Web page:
There’s lots that’s wrong with the college admission system, and much of it relates directly to the interpretation and use of “numbers.”
In an era where “big data” is king, enrollment management experts are hired by colleges to tease out meaning from numbers, in part by analyzing what they refer to as the “funnel” or the flow of admissions activity from marketing to matriculation.
One particularly troublesome number sitting at the small end of the funnel equates excellence with rejection and is defined as a college’s “selectivity.”
It’s a number schools have found relatively easy to manipulate by aggressively marketing to large groups of students and simultaneously tightening admissions screws through policies like binding Early Decision, which virtually guarantee an admitted student’s matriculation.
And for these schools, more applications and tight control translate into more rejections. More rejections mean increased selectivity. And with selectivity comes prestige.
These are schools Jon Boeckenstedt, DePaul University’s vice president for enrollment management, referred to as “uber-selectives” in a recent interview with the Chronicle of Higher Education, some of which “are clearly waist-deep in the arms race to reach the ‘as close to zero as possible’ admit rate….”
And so in the backwards world of college admissions, schools proudly point to how few students they were able to accept in any given year as a badge of honor.
It’s this line of thinking that led colleges like Washington and Lee University, the US Naval Academy or the University of Iowa to include incomplete applications in applicant counts reported to the federal government and others.
By reporting more applicants, these schools generate lower admit rates and appear more selective in the highly competitive market for applicants. While the “rules” are a little unclear, these counts are deceptive at best.
It’s worth noting that US News and World Report uses the admit rate as one metric in determining “best colleges,” which greatly enhances the number’s value to enrollment management.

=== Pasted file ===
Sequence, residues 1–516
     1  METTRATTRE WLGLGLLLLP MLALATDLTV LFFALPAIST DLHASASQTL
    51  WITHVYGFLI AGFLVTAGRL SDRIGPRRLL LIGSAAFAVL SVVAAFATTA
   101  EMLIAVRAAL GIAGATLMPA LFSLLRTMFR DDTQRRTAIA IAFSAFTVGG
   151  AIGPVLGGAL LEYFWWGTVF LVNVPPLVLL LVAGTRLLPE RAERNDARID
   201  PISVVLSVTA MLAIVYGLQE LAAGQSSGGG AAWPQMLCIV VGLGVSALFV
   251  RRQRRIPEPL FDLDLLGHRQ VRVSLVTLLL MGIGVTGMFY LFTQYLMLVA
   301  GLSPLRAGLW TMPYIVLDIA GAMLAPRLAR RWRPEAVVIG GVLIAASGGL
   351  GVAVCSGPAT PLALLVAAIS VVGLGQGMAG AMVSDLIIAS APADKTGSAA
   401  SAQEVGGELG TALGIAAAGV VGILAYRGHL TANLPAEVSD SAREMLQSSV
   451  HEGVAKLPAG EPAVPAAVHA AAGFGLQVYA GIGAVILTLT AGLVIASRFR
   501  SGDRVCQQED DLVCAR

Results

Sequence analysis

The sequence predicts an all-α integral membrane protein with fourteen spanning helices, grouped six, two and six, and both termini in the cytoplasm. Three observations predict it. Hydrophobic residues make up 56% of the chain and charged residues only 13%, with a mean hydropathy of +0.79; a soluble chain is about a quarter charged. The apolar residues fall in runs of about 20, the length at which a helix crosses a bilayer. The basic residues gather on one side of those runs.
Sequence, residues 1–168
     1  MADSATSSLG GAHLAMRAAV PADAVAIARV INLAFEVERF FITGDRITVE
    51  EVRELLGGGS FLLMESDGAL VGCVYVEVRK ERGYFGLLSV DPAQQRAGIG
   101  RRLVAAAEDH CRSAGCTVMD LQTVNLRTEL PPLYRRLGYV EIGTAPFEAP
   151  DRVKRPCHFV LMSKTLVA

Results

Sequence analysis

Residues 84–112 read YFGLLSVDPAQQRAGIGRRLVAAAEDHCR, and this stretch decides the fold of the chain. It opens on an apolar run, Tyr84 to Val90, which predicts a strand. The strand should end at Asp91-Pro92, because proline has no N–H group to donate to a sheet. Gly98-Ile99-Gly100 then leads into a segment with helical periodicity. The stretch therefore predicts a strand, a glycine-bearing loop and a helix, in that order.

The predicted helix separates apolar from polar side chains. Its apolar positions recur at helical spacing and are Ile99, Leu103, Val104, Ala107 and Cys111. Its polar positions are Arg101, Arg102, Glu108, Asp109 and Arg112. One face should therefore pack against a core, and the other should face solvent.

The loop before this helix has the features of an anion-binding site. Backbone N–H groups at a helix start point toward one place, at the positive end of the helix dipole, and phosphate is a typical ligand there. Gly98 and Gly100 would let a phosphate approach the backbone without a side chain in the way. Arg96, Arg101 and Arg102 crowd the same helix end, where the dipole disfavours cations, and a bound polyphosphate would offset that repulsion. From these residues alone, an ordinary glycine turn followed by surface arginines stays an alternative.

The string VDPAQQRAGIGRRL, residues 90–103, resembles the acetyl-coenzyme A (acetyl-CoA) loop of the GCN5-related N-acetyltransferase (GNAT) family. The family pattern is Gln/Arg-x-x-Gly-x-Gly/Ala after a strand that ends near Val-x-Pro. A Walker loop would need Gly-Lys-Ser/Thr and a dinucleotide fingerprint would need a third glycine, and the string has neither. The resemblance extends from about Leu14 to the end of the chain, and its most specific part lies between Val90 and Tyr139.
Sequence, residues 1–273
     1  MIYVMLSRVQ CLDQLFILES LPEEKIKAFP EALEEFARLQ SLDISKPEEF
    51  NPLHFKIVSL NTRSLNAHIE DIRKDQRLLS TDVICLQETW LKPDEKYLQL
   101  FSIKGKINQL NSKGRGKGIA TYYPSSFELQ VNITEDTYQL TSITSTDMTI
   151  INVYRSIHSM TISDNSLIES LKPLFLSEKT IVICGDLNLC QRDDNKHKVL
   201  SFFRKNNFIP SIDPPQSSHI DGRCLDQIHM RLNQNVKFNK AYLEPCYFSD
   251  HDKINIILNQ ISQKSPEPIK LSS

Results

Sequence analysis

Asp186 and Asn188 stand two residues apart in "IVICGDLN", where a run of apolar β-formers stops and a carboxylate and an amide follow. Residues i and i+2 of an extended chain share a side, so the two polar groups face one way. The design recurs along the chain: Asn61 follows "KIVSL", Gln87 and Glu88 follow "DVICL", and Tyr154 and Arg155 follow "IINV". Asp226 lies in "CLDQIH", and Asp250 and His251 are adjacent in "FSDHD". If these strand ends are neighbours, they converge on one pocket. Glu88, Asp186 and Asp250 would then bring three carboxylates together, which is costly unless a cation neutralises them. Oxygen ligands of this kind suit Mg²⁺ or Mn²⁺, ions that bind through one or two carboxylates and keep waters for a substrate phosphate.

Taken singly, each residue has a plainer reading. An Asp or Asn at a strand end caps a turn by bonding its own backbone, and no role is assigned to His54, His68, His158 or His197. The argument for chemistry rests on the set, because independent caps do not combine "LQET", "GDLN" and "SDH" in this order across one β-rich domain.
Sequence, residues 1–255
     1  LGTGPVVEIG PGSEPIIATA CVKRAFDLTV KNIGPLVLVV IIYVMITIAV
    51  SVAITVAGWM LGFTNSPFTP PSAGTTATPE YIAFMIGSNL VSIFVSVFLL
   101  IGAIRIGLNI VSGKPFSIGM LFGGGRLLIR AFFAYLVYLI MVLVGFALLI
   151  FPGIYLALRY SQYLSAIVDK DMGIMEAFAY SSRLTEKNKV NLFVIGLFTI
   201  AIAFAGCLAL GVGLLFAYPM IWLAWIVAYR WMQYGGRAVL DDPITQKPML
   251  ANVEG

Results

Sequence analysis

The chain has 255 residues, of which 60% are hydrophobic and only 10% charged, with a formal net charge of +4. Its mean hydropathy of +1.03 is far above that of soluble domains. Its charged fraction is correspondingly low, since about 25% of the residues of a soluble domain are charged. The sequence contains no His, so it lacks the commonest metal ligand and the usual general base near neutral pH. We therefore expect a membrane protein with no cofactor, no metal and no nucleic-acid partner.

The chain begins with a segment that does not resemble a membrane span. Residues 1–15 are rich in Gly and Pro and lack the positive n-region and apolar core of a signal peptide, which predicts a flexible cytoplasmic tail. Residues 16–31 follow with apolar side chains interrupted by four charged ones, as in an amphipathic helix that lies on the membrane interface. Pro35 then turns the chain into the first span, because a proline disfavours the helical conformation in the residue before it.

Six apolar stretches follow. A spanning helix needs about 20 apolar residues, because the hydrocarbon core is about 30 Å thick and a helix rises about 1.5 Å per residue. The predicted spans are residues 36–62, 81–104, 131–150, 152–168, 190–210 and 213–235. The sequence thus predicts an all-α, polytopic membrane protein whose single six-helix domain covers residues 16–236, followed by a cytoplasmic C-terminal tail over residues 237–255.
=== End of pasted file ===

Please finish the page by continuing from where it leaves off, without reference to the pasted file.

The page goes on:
But reality is a little more complicated. Some of the most “exclusive” colleges in terms of selectivity are there because they offer a specific kind of experience or have a corner on the education market. Others have low admission rates because tuition is free or extremely low.
So those who think the nation’s lowest admission rates are only found within the Ivy League will be surprised to find that the Curtis Institute of Music (5%)* and the Julliard School (7%)* are right at the top along with Harvard, Stanford, and Yale for the lowest admit rates in the country.
Locally, the Naval Academy (7.4%) once again topped the list, with Georgetown University (17.1%), Washington & Lee (18.4%), and Johns Hopkins (17.1%) all coming in under 20 percent. Liberty University (21.2%), the Corcoran College of Art and Design (27%),* the University of Virginia (30.1%), the University of Richmond (31.2%), and the College of William and Mary (33.2%) also made it onto the US News top 100* list.
And for the record, here 20 colleges boasting of some of the nation’s most outrageously low acceptance rates* (the rest of the list may be found on the US News website):
- Stanford University: 5.7%
- Harvard University: 5.8%
- Columbia University: 6.9%
- Yale University: 6.9%
- Princeton University: 7.4%
- US Naval Academy: 7.4%
- Cooper Union: 7.7%
- MIT: 8.2%
- University of Chicago: 9.8%
- US Military Academy: 9%
- Brown University: 9.2%
- Alice Lloyd College: 9.4%
- Dartmouth College: 10.4%
- Claremont McKenna College: 11.7%
- College of the Ozarks: 12.2%
- University of Pennsylvania: 12.2%
- Duke University: 12.4%
- Vanderbilt University: 12.7%
- Pomona College: 13.9%
- Northwestern University: 14%
* All specialty art and music colleges were dropped this year from the US News top 100 list